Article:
Holland, Julie, M.D. Ecstacy: The Complete Guide: A Comprensive Look at the Risks and Benefits of MDMA. Park Street Press, 2001.
Knowles, Cynthia. Up All Night: A Closer Look at the Club Drugs and Rave Culture. Red House Books, 2001.
Stafford, Peter. Psychedelics Encyclopedia. Ronin Books, 1992.
DanceSafe. 536 45th Ave., Oakland, CA 94609. 〈http://www.dancesafe.org〉.
Multidisciplinary Association for Psychedelic Studies. 2105 Robinson Ave., Sarasota, FL 34232. (941) 924-6277. 〈http://www.maps.org〉.
National Institute on Drug Abuse. 6001 Executive Blvd., Room 5213, Bethesda, MD 20892-9561. 〈http://www.drugabuse.gov〉.
Anorexia— Eating disorder associated with extreme fluctuations and loss in body weight.
Hallucinogen— Substance that causes distorted perceptions and hallucinations.
Neurotransmitter— Chemical in the brain that assists brain function.
Psychoactive— Substance that effects emotional and psychological perception in the brain.
"Club Drugs." Gale Encyclopedia of Medicine, 3rd ed.. . Encyclopedia.com. (September 18, 2018). http://www.encyclopedia.com/medicine/encyclopedias-almanacs-transcripts-and-maps/club-drugs
"Club Drugs." Gale Encyclopedia of Medicine, 3rd ed.. . Retrieved September 18, 2018 from Encyclopedia.com: http://www.encyclopedia.com/medicine/encyclopedias-almanacs-transcripts-and-maps/club-drugs
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Club drugs is a term that encompasses those drugs commonly abused within the context of the club and rave scenes which have developed over the past decade in the United States and Europe. Club drugs are a diverse group in terms of pharmacology, psychological effect, and toxicity. They form a unified grouping because of the context in which they are used, the clubs and raves that define turn-of-the-century youth culture. Because of the diversity and pleasure seeking inherent to the club world, no list of club drugs can pretend to be comprehensive but most lists include drugs like Mdma, Ghb, Ketamine, Rohypnol, Methamphetamine and Lsd. Most of these drugs are perceived by users as relatively benign compared to "older" drugs like Cocaine. As might be expected, this perception is often not borne out in reality.
Many observers of the history of drug use in the United States have noted the cyclical nature of patterns of drug use. Few today recall that the cocaine epidemic of the 1980s was in fact the second cocaine epidemic in this century, the previous one having ended in the 1930s. Indeed, the lack of a cultural memory of the lessons of the previous epidemic no doubt played a role in the reemergence of the belief that cocaine was a "safe drug" in the 1960s and 70s, a belief that had been popular in the early 1900's until certain less palatable realities began to sink in. Club drugs seem to fit this pattern insofar as the lack of direct experience with the negative consequences of their use (MDMA for instance was not recreationally used before the 1980s) imparts the belief that they are a safe means of entertainment. History suggests that such a view is unlikely to stand the test of time.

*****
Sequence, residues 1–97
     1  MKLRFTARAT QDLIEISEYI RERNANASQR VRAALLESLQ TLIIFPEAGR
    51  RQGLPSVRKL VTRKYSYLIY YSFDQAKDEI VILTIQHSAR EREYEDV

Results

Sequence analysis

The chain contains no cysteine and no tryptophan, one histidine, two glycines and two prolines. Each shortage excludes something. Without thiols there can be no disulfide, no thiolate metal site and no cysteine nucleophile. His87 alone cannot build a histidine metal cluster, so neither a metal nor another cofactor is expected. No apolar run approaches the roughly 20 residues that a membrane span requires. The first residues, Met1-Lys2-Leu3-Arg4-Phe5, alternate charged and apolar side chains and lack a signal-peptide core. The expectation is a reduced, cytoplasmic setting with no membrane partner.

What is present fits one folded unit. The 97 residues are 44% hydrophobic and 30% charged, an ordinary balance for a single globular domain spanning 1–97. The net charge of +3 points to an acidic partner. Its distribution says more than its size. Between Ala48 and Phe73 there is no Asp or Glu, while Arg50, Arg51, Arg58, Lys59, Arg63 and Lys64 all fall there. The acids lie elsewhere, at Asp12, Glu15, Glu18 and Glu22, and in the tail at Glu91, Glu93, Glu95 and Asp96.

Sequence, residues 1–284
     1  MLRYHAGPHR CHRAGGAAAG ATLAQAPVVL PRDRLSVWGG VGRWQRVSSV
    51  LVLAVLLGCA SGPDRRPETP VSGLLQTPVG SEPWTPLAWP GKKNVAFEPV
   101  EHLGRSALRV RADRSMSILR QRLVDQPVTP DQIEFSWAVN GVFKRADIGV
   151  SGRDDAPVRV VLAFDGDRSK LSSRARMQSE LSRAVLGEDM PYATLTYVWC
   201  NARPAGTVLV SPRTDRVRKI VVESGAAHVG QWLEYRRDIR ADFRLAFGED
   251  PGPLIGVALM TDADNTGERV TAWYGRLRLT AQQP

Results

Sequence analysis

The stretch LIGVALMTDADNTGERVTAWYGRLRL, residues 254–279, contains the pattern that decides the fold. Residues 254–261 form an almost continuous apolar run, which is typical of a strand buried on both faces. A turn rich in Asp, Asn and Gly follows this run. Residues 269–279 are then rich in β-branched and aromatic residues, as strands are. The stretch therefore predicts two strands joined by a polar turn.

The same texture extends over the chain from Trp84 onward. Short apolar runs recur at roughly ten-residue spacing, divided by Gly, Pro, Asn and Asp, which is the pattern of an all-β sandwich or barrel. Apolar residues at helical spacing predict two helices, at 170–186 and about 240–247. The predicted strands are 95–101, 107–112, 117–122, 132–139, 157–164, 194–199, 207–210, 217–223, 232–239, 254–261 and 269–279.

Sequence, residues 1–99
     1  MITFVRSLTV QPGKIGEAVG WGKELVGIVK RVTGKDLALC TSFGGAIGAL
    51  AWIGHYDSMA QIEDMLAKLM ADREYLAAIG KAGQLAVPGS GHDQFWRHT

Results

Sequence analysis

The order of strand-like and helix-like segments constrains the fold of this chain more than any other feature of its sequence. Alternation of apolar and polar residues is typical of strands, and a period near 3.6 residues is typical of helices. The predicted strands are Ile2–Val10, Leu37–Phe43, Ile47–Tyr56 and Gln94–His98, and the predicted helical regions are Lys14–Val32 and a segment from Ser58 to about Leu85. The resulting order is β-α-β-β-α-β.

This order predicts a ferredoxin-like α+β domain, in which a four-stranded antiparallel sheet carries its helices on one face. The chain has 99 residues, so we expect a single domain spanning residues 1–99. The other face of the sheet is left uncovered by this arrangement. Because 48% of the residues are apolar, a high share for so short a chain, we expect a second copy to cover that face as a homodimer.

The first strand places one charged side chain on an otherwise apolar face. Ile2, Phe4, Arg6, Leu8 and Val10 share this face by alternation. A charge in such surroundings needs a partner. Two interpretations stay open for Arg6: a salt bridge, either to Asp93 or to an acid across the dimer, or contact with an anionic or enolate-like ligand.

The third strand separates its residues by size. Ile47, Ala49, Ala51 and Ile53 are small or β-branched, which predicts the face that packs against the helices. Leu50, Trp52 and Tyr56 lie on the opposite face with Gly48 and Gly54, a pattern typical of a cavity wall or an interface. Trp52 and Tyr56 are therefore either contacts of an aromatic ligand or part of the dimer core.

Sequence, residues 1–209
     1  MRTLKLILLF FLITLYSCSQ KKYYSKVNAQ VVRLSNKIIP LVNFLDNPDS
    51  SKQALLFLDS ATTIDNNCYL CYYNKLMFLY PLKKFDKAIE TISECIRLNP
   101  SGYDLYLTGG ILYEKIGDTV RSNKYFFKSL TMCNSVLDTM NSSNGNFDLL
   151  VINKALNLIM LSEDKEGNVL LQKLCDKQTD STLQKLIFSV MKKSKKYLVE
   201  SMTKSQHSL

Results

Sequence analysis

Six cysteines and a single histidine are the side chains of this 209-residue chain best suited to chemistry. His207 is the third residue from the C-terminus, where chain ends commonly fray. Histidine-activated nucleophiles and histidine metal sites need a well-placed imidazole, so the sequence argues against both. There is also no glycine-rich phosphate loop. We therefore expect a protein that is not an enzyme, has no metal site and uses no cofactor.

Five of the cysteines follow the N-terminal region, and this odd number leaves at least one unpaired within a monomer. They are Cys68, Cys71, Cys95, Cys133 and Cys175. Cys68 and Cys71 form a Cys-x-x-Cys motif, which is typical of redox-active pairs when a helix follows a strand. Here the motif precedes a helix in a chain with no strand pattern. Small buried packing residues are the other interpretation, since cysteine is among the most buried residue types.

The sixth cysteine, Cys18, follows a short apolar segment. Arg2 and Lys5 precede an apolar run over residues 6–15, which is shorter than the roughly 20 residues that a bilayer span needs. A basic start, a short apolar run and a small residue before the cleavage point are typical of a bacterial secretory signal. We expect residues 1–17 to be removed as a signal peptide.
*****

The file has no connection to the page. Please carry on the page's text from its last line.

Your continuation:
MDMA is new as psychoactive drugs go; it only emerged as a recreational drug in the mid-1980s. It is an Amphetamine derived Hallucinogen, sometimes described as an empathogen or entactogen due to the enhanced feelings of emotional and physical closeness to others it generates in many users. Although it has a reputation as a benign "love drug," MDMA has contributed to hundreds of deaths in its short time as an abused drug. It has been linked to seizures as well as kidney and cardiovascular failure. MDMA has produced long-term neurotoxicity in animals and a number of frequent human users have exhibited cognitive and emotional deficits.
Both rohypnol and GHB have gained notoriety as "date-rape" drugs due to their criminally abused propensity for impairing memory and inducing unconsciousness. Again, both are fairly new to the world of recreational drug use, although rohypnol belongs to the same class of drugs, the Benzodiazepines, as Valium, a drug with a well known history of abuse. These drugs are especially dangerous when used with Alcohol, which exacerbates their depressant effects often leading to stupor, respiratory depression, and in some cases coma and death. Like alcohol, GHB and rohypnol seem to cause an increase in violent behavior in some users. These drugs have been linked to such a disproportionate number of negative events that many countries have opted to increase restrictions on their use.
Methamphetamine is an exception to the rule that club drugs are new; it has a long and well-documented history of abuse and toxic effects. Its appearance on the club scene seems to be linked to its low cost and the present negative perception of cocaine as an alternative Psychostimulant. Methamphetamine is substantially more toxic to the brain and liver than cocaine, while sharing some of cocaine's potentially lethal effects on the cardiovascular system. Amphetamine use has also been linked to toxic psychosis.
Ketamine is a dissociative anesthetic formerly used in humans but now largely restricted to veterinary use. Ketamine shares its major site of action with Phencyclidine (PCP) and, like the latter drug, can produce many of the symptoms of psychosis in humans including hallucinations and indifference to pain or death. Given that chronic PCP use has been associated with the development of long-term psychosis, it seems likely that this may prove to be a risk with ketamine as well. Ketamine is thought to have few other toxic effects.
LSD is another drug with a well-known history of misuse and abuse. Its major dangers lie in its hallucinogenic properties, which may cause users to physically harm themselves or others. LSD also seems to aggravate depression and psychosis. Outside of its intense psychological effects LSD has few, if any, physiological side effects even when taken at doses well in excess of those used recreationally.
Club drugs are hardly risk-free, and the next decade or so will probably provide the public with more evidence of their dangers. A particularly risky and difficult-to-analyze aspect of the club drug phenomena is that most club drug users use several of these drugs as well as Tobacco and alcohol. With such a variety of drugs being abused by individual users, toxic and other dangerous results are far more likely to occur and less predictable in terms of long-term consequences.